Below is the entire list of targets involved in Immunofluorescence research. Can’t find what you are looking for? Bethyl offers a custom antibody service.

 

IF

T7
References

1. Coons A.H., Creech H.J., Jones R.N. 1941. Immunological properties of an antibody containing a fluorescent group. Experimental Biology and Medicine. 47(2):200-202.

2. Coons A.H., Creech, H.J., Jones R.N., Berliner, E. 1942. The demonstration of pneumococcal antigen in tissues by the use of fluorescent antibody. The Journal of Immunology. 45(3):159-170.

3. Meena J.K., Cerutti, A., Biechler, C., Morita, Y., Bruhn, C., Kumar M., Kraus J.M., Spiecher, M.R., Wang Z-Q., Kestler H.A., Fagagna F., Gunes C., Rudolph K.L. 2015. Telomerase abrogates aneuploidy-induced telomere replication stress, senescence and cell depletion. The EMBO Journal. 34: 1371-1384 [Bethyl antibody used: Phospho RPA32 (S33) (A300-246). Please note that this antibody has not been validated by Bethyl for use in IF and as such Bethyl cannot guarantee results as published in this paper.]

4. Rajgor D., Hanley J.G., Shanahan C.M. 2016. Identification of novel nesprin-1 binding partners and cytoplasmic matrin-3 in processing bodies. Molecular Biology of the Cell. 27(24):3894-3902. [Bethyl antibody used: DDX6 (A300-461A)]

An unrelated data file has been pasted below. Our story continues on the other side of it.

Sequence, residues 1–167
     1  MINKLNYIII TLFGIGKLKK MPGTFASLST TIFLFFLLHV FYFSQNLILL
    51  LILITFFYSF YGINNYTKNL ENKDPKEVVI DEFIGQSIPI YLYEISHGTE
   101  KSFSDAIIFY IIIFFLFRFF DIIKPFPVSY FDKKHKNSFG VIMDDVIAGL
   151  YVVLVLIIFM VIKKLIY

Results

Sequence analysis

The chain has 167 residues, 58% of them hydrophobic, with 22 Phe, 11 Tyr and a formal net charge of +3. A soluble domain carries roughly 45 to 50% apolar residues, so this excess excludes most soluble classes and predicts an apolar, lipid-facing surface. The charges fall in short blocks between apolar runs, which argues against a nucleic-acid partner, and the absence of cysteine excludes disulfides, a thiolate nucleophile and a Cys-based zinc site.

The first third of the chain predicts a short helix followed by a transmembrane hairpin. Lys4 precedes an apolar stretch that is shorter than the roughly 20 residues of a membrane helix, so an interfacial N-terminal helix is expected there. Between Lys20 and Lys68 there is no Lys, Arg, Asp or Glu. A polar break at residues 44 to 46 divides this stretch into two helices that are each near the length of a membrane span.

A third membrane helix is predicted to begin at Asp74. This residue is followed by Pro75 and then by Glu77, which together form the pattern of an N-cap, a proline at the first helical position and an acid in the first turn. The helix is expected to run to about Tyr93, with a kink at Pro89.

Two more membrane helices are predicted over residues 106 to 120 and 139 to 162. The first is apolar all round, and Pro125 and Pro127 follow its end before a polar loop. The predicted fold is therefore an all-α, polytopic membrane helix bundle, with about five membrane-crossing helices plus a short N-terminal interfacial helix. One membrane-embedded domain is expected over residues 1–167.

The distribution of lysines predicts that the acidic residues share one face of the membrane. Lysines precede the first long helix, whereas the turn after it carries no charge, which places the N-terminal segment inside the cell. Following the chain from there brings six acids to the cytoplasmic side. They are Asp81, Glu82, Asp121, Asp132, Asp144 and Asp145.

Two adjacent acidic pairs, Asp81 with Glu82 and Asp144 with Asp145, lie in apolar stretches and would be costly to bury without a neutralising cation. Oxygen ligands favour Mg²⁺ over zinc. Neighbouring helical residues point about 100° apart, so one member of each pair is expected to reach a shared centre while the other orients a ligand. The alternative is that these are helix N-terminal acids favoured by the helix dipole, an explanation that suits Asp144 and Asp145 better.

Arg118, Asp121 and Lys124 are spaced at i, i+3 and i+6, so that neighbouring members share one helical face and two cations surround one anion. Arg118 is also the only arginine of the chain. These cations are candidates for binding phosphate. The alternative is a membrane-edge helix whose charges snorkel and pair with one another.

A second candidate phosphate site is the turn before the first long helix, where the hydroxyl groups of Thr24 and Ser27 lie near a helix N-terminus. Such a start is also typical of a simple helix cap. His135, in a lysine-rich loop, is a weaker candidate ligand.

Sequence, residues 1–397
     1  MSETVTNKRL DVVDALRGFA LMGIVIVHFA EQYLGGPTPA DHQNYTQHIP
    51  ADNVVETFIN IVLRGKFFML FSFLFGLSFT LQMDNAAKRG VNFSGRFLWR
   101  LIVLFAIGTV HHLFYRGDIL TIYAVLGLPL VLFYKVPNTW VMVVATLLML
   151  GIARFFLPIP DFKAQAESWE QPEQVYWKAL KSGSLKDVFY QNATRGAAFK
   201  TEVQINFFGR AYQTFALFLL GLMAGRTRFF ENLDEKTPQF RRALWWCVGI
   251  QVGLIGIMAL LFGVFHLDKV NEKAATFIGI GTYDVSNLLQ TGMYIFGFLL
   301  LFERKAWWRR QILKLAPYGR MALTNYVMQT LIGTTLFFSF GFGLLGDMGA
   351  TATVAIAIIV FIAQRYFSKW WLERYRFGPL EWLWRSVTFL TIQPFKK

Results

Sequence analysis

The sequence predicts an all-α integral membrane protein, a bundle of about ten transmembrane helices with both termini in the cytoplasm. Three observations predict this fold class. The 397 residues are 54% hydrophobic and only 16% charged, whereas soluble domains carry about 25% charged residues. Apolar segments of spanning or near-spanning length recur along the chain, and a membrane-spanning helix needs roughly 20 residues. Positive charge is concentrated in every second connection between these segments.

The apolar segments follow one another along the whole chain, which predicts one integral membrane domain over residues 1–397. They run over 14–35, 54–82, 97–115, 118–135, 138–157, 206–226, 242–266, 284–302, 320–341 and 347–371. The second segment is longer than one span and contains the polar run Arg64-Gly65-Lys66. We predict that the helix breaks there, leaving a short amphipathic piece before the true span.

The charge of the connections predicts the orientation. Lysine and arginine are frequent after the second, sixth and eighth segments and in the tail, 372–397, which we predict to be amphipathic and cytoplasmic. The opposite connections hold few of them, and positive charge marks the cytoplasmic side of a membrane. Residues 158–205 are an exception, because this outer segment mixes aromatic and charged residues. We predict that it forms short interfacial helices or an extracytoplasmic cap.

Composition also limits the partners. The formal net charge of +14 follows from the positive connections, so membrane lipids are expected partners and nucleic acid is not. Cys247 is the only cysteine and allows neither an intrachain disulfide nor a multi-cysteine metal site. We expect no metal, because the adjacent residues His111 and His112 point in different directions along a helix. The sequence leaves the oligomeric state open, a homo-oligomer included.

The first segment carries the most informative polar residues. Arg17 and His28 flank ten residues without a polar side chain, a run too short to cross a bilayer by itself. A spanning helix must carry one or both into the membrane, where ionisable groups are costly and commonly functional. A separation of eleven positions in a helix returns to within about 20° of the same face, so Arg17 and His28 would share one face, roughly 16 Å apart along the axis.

5. Qi X., Ming Man S., Malireddi R.K., Karki R., Lupfer C., Gurung P., Neale G., Guy C.S., Lamkanfi M., Kanneganti T-D. 2016. Cathepsin B modulates lysosomal biogenesis and host defense against Francisella novicida infection. Journal of Experimental Medicine. 213(10):2081-2097. [Bethyl antibody used: TFEB (A303-673A). Please note that this antibody has not been validated by Bethyl for use in IF and as such Bethyl cannot guarantee results as published in this paper.]

6. H Y-C., Nicholls P.K., Soh Y.Q., Daniele J.R., Junker J.P., Oudenaarden A., Page D.C. 2015. Licensing of primordial germ cells for gametogenesis depends on genital ridge signaling. PLOS Genetics. 11(3):e1005019. [Bethyl antibody used: Nanog (IHC-00205). Please note that this antibody has not been validated by Bethyl for use in IF and as such Bethyl cannot guarantee results as published in this paper.]

7. Maddox J., Shakya A., South S., Shelton D., Anderson J.N., Chidester S., Kang J., Gligorich K.M., Jones D.A., Spangrude G.J., Welm B.E., Tantin D. 2012. Transcription factor Oct1 is a somatic and cancer stem cell determinant. PLOS Genetics. 8(11):e1003048. [Bethyl antibody used: OCT1 (A301-716A). Please note that this antibody has not been validated by Bethyl for use in IF and as such Bethyl cannot guarantee results as published in this paper.]